He hasn't made it official yet, but it seems everything Minnesota Gov. Tim Pawlenty does these days points to a White House run in 2012.
Case in point: his stance on a cap-and-trade plan to reduce greenhouse gas emissions.
Back in 2007, Pawlenty was positioning himself as an environmental leader, pushing for aggressive reductions in greenhouse gases and a regional cap-and-trade plan.
Fast-forward to 2009, and he's writing letters to Washington calling a Democratic plan to curb climate change "overly bureaucratic, misguided" and "very burdensome on our economy."
"His position has evolved very dramatically from someone our group, quite frankly, viewed as a champion" for the climate, said Steven Morse, executive director of the Minnesota Environmental Partnership, a coalition of more than 80 Minnesota environmental organizations.
To track Pawlenty's evolution from treehugger to cap-and-trade skeptic, we need to turn the clock back to 2007. At the time, the Minnesota Legislature was debating the Next Generation Energy Act of 2007, which outlined the state's goals for greenhouse gas reductions. The bill required the state to reduce its emissions 15 percent by 2015 and 80 percent in 2050. It also endorsed the Minnesota Climate Change Advisory Group, a panel charged with drafting a comprehensive greenhouse gas emission reduction plan to meet those goals.
On May 25, 2007, the day Pawlenty signed the bill, he said the state should have taken action 30 years ago.
"The nation has been asleep at the switch, but here in Minnesota we are kick-starting the future by increasing our nation-leading per capita renewable fuel use, boosting cost-saving measures and tackling greenhouse gas emissions," he said.
Morse said the bill was a major victory for the state, in no small part because it was a bipartisan effort; indeed, Pawlenty had actively pushed for the legislation.
Pawlenty grew his reputation as an environmental pioneer when he played a leading role in persuading members of the Midwest Governors Association to sign the Midwestern Regional Greenhouse Gas Reduction Accord, an agreement that the states would develop a cap-and-trade mechanism to achieve greenhouse gas reductions in the area.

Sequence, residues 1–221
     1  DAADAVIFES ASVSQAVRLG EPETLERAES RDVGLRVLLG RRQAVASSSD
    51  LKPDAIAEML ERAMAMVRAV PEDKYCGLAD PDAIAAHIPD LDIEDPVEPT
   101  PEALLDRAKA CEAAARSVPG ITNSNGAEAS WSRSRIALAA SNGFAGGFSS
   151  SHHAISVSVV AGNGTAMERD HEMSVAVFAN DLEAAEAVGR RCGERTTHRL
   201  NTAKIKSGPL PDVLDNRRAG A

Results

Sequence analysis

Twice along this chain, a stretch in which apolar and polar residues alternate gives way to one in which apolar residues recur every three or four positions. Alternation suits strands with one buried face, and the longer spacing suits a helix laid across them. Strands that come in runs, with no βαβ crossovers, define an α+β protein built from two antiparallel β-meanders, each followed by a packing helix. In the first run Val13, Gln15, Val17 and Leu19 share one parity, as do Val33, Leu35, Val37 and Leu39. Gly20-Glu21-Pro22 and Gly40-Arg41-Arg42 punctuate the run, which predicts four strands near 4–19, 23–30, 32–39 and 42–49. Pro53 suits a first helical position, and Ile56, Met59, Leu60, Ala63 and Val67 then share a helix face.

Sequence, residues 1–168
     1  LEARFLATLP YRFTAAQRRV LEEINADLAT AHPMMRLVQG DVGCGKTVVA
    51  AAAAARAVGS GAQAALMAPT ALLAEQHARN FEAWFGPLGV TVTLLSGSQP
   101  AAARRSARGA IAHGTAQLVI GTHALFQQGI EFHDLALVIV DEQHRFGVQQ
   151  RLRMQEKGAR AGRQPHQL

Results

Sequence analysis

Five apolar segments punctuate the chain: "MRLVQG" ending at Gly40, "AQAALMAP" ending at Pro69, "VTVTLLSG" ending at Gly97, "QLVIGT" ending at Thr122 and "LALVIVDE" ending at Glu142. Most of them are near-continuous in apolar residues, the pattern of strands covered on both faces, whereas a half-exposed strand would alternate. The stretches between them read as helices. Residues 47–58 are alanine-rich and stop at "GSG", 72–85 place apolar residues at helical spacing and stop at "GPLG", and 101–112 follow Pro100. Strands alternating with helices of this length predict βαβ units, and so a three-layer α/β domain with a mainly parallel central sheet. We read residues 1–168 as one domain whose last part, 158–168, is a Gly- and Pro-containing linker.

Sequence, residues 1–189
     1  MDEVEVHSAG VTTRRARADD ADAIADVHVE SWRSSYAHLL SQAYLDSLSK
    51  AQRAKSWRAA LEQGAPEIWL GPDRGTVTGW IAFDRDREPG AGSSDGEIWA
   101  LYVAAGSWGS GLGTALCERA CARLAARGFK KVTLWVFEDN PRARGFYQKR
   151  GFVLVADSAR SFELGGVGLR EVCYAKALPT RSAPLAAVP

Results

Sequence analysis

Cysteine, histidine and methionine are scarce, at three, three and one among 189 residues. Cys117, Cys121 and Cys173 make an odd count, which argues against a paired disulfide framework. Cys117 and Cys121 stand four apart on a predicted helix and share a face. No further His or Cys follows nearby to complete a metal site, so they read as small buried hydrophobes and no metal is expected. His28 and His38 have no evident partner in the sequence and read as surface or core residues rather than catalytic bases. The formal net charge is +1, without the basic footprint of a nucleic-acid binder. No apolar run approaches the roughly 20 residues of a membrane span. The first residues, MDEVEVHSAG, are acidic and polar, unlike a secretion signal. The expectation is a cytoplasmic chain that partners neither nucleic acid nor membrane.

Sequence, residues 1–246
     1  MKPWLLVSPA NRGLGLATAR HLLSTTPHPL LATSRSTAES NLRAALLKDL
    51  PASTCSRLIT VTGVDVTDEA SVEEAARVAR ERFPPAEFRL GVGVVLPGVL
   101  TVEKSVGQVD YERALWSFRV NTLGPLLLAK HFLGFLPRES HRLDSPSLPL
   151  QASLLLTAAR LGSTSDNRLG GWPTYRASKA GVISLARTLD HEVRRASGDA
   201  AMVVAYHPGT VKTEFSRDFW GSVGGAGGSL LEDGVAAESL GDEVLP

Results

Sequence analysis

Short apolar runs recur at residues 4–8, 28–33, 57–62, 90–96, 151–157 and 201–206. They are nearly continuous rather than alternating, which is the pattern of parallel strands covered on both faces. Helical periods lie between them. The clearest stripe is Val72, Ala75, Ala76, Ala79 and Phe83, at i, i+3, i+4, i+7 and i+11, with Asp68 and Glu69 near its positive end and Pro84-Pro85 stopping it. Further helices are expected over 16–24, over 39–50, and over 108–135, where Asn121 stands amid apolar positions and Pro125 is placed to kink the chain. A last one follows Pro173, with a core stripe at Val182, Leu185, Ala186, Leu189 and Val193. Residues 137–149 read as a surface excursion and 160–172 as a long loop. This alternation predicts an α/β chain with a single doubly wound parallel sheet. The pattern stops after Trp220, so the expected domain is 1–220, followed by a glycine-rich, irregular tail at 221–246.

The list of Pawlenty's climate change achievements goes on, including the Minnesota Climate Change Advisory Group, which he formed to study the impact of climate change and make recommendations for the state. You get the picture.
So it was surprising to Morse and other Minnesota environmentalists when Pawlenty wrote a letter to the Minnesota delegation in Washington expressing his opposition to a bill authored by Reps. Henry Waxman and Edward Markey that would set up a national cap-and-trade program to lower carbon pollution by 17 percent by 2020 and 83 percent by 2050 — only slightly more ambitious than Pawlenty's climate change goals for Minnesota.
"This legislation would place significant burdens on individuals and job creators, while doing little to impact its intended goal of changing climate change," he wrote on June 24. He described the cap-and-trade provisions in the bill as "overly bureaucratic, misguided" and "very burdensome on our economy."
"I oppose any cap-and-trade system that does not set emissions caps at pragmatic levels or fails to provide free allowances to producers instead of creating an expensive auction that would bid up prices and in turn dramatically increase energy costs," Pawlenty wrote in ending the letter.
Generally speaking, Minnesota environmentalists say Pawlenty has recently been less aggressive on other climate issues, such as implementing the recommendations of the Minnesota Climate Change Advisory Group.
"He's silent where he used to be a leader," said Samantha Chadwick, an environmental associate for Environment Minnesota.
Pawlenty has even used the issue to poke fun at the Obama administration.
"Apparently, they're announcing that President Obama is making great progress on climate change," he said in a July speech to the Republican National Committee. "He's turning the political climate of the country back to Republicans."
Steven Schier, a political science professor at Carleton College in Northfield, Minn., says Pawlenty's conservative tone is a signal of his impending run for president.
"Republicans in Minnesota tend to be an ideologically conservative bunch," he said. "If anything, Pawlenty is a bit to the left of his party. His rhetoric has been more conservative in the last few months than it's been most of his career as governor of Minnesota. ... He's repositioned himself."
No matter what Pawlenty's motivations, "I would call it pretty much a 180-degree evolution," said Morse.
We couldn't have said it better. Pawlenty has clearly changed his tune on cap-and-trade. We give him a Full Flop.